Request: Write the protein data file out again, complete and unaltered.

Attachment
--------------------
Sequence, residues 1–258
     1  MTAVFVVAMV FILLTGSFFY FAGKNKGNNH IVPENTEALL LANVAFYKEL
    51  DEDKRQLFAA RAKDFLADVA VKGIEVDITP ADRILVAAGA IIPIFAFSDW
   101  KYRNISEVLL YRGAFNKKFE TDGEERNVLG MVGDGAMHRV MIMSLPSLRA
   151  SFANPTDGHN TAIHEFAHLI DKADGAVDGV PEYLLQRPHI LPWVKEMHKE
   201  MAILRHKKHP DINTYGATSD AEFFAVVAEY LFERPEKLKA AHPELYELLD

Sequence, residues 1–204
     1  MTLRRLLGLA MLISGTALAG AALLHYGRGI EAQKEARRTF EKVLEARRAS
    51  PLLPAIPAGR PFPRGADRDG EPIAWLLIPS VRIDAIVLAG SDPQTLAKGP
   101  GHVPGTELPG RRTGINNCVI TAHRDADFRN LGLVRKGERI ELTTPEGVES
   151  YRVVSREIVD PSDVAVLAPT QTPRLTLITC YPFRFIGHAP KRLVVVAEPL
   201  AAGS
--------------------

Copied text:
Sequence, residues 1–258
     1  MTAVFVVAMV FILLTGSFFY FAGKNKGNNH IVPENTEALL LANVAFYKEL
    51  DEDKRQLFAA RAKDFLADVA VKGIEVDITP ADRILVAAGA IIPIFAFSDW
   101  KYRNISEVLL YRGAFNKKFE TDGEERNVLG MVGDGAMHRV MIMSLPSLRA
   151  SFANPTDGHN TAIHEFAHLI DKADGAVDGV PEYLLQRPHI LPWVKEMHKE
   201  MAILRHKKHP DINTYGATSD AEFFAVVAEY LFERPEKLKA AHPELYELLD

Sequence, residues 1–204
     1  MTLRRLLGLA MLISGTALAG AALLHYGRGI EAQKEARRTF EKVLEARRAS
    51  PLLPAIPAGR PFPRGADRDG EPIAWLLIPS VRIDAIVLAG SDPQTLAKGP
   101  GHVPGTELPG RRTGINNCVI TAHRDADFRN LGLVRKGERI ELTTPEGVES
   151  YRVVSREIVD PSDVAVLAPT QTPRLTLITC YPFRFIGHAP KRLVVVAEPL
   201  AAGS